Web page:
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Scientists say that humans replace all their cells every 10 years or so, which technically would make us all younger than some companies' enterprise resource planning (ERP) systems. But many ERP applications also go through major internal changes, at the hands of their users. That prompts a pair of questions: At what point do software customizations morph your ERP system into a species that's completely different from the original product? And generally speaking, is customization good or bad for your system?
That is a debate going on in ERP circles today, as vendors, analysts and users struggle with the potential benefits and drawbacks of custom software application development. The debate sits at Oracle's front door, as the software giant pushes customers to upgrade to newer versions of its business applications and the pricey support contracts that accompany them.
A report this year from Denver-based Panorama Consulting found that a whopping 90% of corporate ERP systems have at least some level of customization. And that number has grown, from 89% in 2012 and 85% in 2011. The consultancy cites protection of competitive advantage and mitigating organizational change management as two main reasons.
But count Wade Lewis, chief information officer at Georg Fischer Central Plastics LLC, an Oklahoma-based piping manufacturer, as one of the 10% in the no-customization camp.
"We used to customize the hell out of stuff, some hardcore coding," says Lewis, whose company recently upgraded from E-Business Suite R11 to the R12 release. "Those days are gone. Customizations are a thing of the past."
According to Lewis, ERP megavendors like Oracle and SAP are building what they call "personalizations" into off-the-shelf products, enabling admins and end users to tailor application displays without modifying any code. That gives IT departments some flexibility with their ERP systems while ensuring that they'll be able to carry personalizations from one version to another. If you do standard custom software application development, the customizations won't come with you when you upgrade.
"If you have a lot of customizations, when you upgrade you have to re-customize," Lewis added. "You have to tailor the core code itself to make the product behave the way you want it to."
Oddly enough, that's the same explanation some use when arguing against upgrading your ERP system. The most prominent example of this is Rimini Street, the third-party software support company that has gained media headlines at the same fervent pace as it has gained new customers, largely because it's willing to take on the big guys in Oracle and SAP.
One of Rimini Street's main selling points is that it supports customizations while Oracle and SAP do not. So, if you have a longstanding ERP system that is thick with custom software application development and still meets your needs, you might consider using Rimini to support it rather than spending a lot of money to upgrade just to stay current for vendor support of the noncustomized portions.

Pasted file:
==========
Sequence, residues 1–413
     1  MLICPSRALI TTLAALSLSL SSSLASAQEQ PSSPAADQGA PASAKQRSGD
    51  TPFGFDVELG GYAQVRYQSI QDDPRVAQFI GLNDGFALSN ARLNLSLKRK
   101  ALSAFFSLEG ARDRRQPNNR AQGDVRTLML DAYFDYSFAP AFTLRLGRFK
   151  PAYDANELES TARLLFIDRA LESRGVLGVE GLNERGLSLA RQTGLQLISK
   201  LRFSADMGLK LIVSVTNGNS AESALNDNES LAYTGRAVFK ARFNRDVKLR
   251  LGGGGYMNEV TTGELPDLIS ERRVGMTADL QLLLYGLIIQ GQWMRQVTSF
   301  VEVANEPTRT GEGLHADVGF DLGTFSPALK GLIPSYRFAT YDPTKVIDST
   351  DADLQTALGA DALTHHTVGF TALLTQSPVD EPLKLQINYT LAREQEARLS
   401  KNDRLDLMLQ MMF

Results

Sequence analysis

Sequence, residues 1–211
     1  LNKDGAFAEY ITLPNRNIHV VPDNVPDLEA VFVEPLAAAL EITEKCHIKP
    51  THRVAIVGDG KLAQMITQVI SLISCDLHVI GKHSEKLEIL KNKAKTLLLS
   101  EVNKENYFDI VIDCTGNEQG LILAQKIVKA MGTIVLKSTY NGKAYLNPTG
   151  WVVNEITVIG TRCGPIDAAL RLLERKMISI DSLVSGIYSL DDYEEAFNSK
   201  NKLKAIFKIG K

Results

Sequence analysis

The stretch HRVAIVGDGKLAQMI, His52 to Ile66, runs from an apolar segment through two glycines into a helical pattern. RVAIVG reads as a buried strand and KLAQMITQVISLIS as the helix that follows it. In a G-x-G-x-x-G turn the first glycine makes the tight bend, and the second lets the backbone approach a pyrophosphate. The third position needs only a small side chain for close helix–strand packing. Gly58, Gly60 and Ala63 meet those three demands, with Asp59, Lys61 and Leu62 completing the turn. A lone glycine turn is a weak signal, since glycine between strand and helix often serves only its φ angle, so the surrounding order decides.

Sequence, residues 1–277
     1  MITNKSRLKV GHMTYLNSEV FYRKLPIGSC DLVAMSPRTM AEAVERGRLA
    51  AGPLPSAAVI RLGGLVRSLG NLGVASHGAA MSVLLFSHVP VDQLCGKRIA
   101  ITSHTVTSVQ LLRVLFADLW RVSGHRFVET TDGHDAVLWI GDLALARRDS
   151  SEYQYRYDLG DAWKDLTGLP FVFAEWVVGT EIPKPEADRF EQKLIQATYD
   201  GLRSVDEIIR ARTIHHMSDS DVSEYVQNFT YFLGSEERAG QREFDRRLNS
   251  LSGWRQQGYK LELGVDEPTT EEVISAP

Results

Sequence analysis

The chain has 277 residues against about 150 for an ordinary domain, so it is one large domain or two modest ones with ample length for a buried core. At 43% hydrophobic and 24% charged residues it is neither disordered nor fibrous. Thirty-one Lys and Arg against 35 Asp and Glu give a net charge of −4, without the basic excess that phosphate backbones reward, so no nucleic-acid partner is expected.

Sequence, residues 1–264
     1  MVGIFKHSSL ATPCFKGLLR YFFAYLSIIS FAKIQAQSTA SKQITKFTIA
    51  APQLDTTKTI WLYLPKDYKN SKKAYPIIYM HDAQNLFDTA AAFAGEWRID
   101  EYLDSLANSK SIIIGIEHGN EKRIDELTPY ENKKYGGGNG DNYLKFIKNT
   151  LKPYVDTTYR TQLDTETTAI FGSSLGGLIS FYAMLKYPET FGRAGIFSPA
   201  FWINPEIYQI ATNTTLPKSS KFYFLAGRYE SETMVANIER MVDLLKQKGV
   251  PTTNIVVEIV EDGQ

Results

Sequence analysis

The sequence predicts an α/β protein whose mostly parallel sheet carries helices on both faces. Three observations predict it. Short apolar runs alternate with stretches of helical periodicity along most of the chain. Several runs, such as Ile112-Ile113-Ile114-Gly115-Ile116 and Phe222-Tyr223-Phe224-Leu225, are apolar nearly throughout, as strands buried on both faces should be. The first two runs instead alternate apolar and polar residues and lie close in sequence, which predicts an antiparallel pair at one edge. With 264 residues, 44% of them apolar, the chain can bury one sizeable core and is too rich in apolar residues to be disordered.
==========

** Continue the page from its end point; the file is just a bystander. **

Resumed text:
Actually, for many businesses, a six-figure payment is just a penny ante on the overall cost of an ERP upgrade, according to Rimini CEO Seth Ravin. He said that one of the largest of the company's 700 customers would have to spend about $100 million to upgrade its ERP systems. It would be one thing if an ERP upgrade provided huge jumps in features and functionality, Ravin said, but he doesn't think that's usually the case.
"There is no revival with the customer base in terms of a sense of value, of great things coming down the line," he said. "The customer is not going to come to us if they truly believe that staying with the vendor has value."
Margaret Wright, president of the Oracle Applications Users Group (OAUG), thinks there is a threshold where your ERP customizations start to overshadow the system itself.
"Anything more than 10% is too much," she said. "Then it's no longer your core system. It starts to become your own, in-house-developed application."
Wright said she sees OAUG members moving away from heavily customizing their E-Business Suite applications, usually because it does make upgrades more difficult. You end up having to do more analysis on the front end to find out if an upgrade will break one of your customizations, for example. Whereas before, companies would change their ERP software to accommodate the business, she now sees the tide reversing.
Earlier this year, I wrote about a solar company that migrated its ERP system from another vendor's software to EBS R12 in 10 weeks, with one of its major tenets being that no ERP customization would be allowed during the upgrade and customization requests would be ignored for the first six months of using the Oracle applications.
"I see more of our members changing their business processes rather than customizing," Wright said. "I see more people wanting an out-of-the-box product because it's less complex."
As of now, the overall numbers aren't supporting Wright's contention, and haven't for the past few years. I guess we'll see if that changes.